Of the 11,000 cases, 27 per cent or over 3,000 cases saw the complaint upheld and Centrelink’s original decision overturned. This shows that Centrelink are a professional, humane organisation that gets it right most of the time, but it also highlights that no system is perfect and there is a need for an independent mechanism of review that is accessible to all Australians. Of course, the case details and the results are confidential, given that they deal with the personal circumstances of people. I would like to provide an example, in summing up, of how the SSAT can work to bring about a just and fair result for someone who is doing it tough. A single parent receiving the parenting payment for looking after a son with severe autism was penalised by Centrelink, who ruled that because she was still legally married, although not living with her husband, she should never have been given the single parent pension in the first place. This left her with a sizeable debt to pay at a time when money was needed for her child with autism-a debt to be paid with money that she did not have and could not earn while she was still looking after herself and her son. The review found that Centrelink had acted incorrectly and had not found sufficient evidence to prove that the couple had remained in a relationship, that Centrelink in this case had jumped the gun. The SSAT found that the money supplied by her former husband was for the care of the child only, that there was not evidence of an ongoing relationship between them, that they were no longer living together and that Centrelink in this case had erred.
This common-sense decision delivered a fair result and saved a family and a working mother tens of thousands of dollars. Another valuable aspect of the SSAT provides feedback to Centrelink and the Child Support Agency as to how they can improve their performance in their dealings with clients. In this role, it has helped us develop a pension system that is more responsive and humane towards the vulnerable people that it aims to assist. The SSAT has been performing a valuable service on behalf of vulnerable Australians for 34 years and this bill will help it continue that work. In summary, several acts within the Families, Housing, Community Services and Indigenous Affairs and related portfolios are amended by this miscellaneous measures bill. The amendments are minor and technical only. The minor amendments in the bill are to the social security law and the family assistance law. These amendments are to improve the operation and effectiveness of the Social Security Appeals Tribunal, including allowing oral evidence and oral decisions in certain circumstances. Oral decisions will be available where the decision of Centrelink is being affirmed. All parties retain the right to request written decisions within 28 days. Oral evidence is likely to be used in complex cases where further explanation may clear up complicated or technical matters and so help the SSAT reach the correct and preferable decision. It should also help avoid costly and inefficient adjournments.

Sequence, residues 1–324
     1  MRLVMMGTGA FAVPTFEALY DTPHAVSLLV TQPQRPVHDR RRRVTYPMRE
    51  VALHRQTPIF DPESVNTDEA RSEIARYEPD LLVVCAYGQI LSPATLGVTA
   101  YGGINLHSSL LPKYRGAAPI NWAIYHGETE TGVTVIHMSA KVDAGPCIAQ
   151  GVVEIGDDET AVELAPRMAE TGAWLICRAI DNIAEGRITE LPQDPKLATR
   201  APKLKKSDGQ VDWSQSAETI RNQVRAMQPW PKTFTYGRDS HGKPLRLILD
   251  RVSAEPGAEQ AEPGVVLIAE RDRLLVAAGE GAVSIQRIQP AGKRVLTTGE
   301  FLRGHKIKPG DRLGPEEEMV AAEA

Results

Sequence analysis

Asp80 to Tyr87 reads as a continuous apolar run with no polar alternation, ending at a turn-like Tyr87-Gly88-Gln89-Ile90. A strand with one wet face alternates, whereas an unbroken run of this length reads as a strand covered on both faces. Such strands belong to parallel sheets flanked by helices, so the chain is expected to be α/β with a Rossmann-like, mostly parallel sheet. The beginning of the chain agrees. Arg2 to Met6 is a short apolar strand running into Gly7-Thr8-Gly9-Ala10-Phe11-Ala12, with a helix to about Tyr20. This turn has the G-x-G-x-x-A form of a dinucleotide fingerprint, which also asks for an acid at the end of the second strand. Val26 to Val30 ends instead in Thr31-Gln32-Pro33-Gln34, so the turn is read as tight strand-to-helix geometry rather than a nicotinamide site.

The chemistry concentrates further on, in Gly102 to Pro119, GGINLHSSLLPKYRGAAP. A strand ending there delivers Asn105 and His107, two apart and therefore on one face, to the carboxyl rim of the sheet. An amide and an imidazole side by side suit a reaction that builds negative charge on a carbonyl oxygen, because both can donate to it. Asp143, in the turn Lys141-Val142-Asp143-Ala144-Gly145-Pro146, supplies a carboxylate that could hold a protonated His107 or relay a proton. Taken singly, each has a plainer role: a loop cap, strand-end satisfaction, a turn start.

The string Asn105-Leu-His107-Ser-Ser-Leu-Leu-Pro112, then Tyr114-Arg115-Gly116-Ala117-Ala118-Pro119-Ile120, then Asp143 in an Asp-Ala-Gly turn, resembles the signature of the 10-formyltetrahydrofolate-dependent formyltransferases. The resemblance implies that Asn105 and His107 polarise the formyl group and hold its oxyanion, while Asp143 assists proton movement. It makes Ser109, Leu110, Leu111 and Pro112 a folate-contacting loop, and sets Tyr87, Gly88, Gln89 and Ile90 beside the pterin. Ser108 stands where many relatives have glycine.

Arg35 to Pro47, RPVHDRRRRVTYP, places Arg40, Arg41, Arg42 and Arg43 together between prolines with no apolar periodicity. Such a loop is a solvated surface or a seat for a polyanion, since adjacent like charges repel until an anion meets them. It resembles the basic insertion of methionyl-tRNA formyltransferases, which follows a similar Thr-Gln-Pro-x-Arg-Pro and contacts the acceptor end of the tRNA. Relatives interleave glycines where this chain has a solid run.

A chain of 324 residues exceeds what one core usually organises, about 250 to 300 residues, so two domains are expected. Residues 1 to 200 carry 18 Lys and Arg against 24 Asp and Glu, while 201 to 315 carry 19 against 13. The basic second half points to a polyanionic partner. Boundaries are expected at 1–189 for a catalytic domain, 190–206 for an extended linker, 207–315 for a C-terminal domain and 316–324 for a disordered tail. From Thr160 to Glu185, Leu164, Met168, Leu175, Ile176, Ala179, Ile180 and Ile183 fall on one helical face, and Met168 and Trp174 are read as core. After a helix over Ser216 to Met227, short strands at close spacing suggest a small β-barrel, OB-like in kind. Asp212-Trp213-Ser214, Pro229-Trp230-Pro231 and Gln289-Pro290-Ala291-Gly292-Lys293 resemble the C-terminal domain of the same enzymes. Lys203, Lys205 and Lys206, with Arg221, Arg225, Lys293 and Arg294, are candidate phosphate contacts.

The bill also extends the term of appointments for members of the tribunal from three to five years, in line with government policy announced by the Special Minister of State in February last year. Lastly, the bill makes technical amendments to several acts, mainly to the social security law. The technical amendments are to repeal redundant provisions, to repeal references to redundant payments or repeal provisions, to correct cross-references, to correct past amendments that failed for technical drafting reasons and to address similar matters. In conclusion, these amendments further show the Rudd government’s unbending commitment-whatever the budget’s bottom line, whatever the outcome of the present meltdown-to a just and fair Australia where those least blessed by genetic fortune or marital fortune or the fair winds of our times, the circumstantial roulette of a life on earth which brings plenty and prosperity to some of us and privation to others. These people can at least have a clear, uncomplicated voice, putting their case for mercy and offering sheltering arms against the harsh winds, which blow in a time of strife, like all of us are facing now. I commend the legislation to the House.